6) To abstain from taking food at inappropriate times. This would mean following the tradition of Theravadin monks and not eating from noon one day until sunrise the next.
7) To abstain from dancing, singing, music and entertainments as well as refraining from the use of perfumes, ornaments and other items used to adorn or beautify the person. Again, this and the next rule.
8) To undertake the training to abstain from using high or luxurious beds are rules regularly adopted by members of the Sangha and are followed by the layperson on special occasions.
The Buddhist clergy, known as the Sangha, are governed by 227 to 253 rules depending on the school or tradition for males or Bhikkhus and between 290 and 354 rules, depending on the school or tradition for females or Bhikkhunis. These rules, contained in the Vinaya or first collection of the Buddhist scriptures,, are divided into several groups, each entailing a penalty for their breech, depending on the seriousness of that breech. The first four rules for males and the first eight for females, known as Parajika or rules of defeat, entail expulsion from the Order immediately on their breech. The four applying to both sexes are: Sexual intercourse, killing a human being, stealing to the extent that it entails a gaol sentence and claiming miraculous or supernormal powers. Bhikkhunis' additional rules relate to various physical contacts with males with one relating to concealing from the order the defeat or parajika of another. Before his passing, the Buddha instructed that permission was granted for the abandonment or adjustment of minor rules should prevailing conditions demand such a change. These rules apply to all Sangha members irrespective of their Buddhist tradition.
Meditation is accessible to everyone as a way to train and develop the mind to become more stable, focused and effective. From a Buddhist point of view, meditation is also a practical way to bring happiness in life for laypeople and as a way for monastics to attain liberation.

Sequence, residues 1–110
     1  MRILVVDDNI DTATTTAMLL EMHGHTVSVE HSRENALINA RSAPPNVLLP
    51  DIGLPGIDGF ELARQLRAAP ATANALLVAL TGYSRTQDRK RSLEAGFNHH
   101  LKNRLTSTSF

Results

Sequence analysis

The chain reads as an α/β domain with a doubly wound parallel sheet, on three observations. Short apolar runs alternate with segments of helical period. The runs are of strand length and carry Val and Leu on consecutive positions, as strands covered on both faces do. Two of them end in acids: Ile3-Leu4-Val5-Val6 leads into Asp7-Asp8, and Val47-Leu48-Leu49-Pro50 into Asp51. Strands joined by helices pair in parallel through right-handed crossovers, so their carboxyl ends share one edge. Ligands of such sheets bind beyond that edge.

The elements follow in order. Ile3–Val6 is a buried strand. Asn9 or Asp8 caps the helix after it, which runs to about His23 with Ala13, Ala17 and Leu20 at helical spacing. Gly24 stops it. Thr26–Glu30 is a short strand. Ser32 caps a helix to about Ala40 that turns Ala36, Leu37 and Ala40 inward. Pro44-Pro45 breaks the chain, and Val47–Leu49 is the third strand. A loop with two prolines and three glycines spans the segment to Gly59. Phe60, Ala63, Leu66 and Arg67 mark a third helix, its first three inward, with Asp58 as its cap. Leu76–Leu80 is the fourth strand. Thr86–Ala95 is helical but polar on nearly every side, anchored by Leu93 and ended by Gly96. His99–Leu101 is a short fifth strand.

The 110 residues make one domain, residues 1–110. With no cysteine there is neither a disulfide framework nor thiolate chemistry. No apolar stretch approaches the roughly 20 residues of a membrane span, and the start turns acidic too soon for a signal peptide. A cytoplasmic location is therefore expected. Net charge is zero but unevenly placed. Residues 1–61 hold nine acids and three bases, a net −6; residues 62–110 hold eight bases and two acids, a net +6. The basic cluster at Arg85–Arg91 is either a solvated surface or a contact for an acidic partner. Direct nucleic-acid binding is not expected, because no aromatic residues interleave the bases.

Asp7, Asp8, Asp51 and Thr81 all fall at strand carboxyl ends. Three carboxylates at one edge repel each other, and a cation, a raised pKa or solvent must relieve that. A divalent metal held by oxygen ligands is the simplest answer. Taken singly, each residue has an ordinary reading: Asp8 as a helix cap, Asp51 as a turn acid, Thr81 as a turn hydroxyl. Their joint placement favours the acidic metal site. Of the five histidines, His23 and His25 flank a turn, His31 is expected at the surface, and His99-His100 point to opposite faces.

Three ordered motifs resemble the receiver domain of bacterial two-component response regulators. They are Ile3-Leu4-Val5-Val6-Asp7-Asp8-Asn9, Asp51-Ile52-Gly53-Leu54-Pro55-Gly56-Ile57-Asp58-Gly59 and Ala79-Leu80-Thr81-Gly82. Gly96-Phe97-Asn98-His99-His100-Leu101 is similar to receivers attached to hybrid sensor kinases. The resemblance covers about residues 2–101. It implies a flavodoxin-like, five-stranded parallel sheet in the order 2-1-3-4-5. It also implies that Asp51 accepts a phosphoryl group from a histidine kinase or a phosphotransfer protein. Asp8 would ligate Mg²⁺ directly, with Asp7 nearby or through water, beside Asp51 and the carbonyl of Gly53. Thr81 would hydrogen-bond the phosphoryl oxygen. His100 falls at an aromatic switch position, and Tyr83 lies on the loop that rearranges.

Meditation can be explained at different levels of meaning. The meaning of the word ‘meditation’ can depend on whether it is meant as a practice or as a result of practice to bring about a sense of peace, ease, and purity. At its simplest, meditation is the ability of the mind to stay in a single mood extendedly without wandering a sort of true happiness which one can bring about oneself something which is advantageous for all to practice, bringing benefits in life including happiness, non-recklessness [appamaada], mindfulness [Sati], self-possession [Sampajañña] and wisdom [Paññaa] which is not beyond anyone’s power to practice easily.
Defined in terms of its outcomes: Meditation is the settling of the mind to continuous peace and unity exhibiting only purity, radiance, brightness and giving rise simultaneously to encouragement, morale, wisdom, and happiness.
Defined in terms of practice: Meditation means stability of mind at a single point or a state of mind unwavering from its point of focus mind.
Defined in Terms of the Body of Enlightenment: Meditation is a practice to still our mind at the centre of the body, to gently bring the mind back inside our body at ease, to prevent the mind being scattered by various emotions and thoughts whether it be thoughts of family, business, work, study, amusement, revelry, or any other thought to unify the mind on a single state within the body. Phrarajbhavanavisudh also ofter quotes the explanation of Phramonkolthepmuni who explained meditation as gently unifying the faculties of perception, memory, thought and cognition at a single point with comfortable feeling at the centre of the body. The concentration arises from a practice of mind to a standstill at the centre of the body.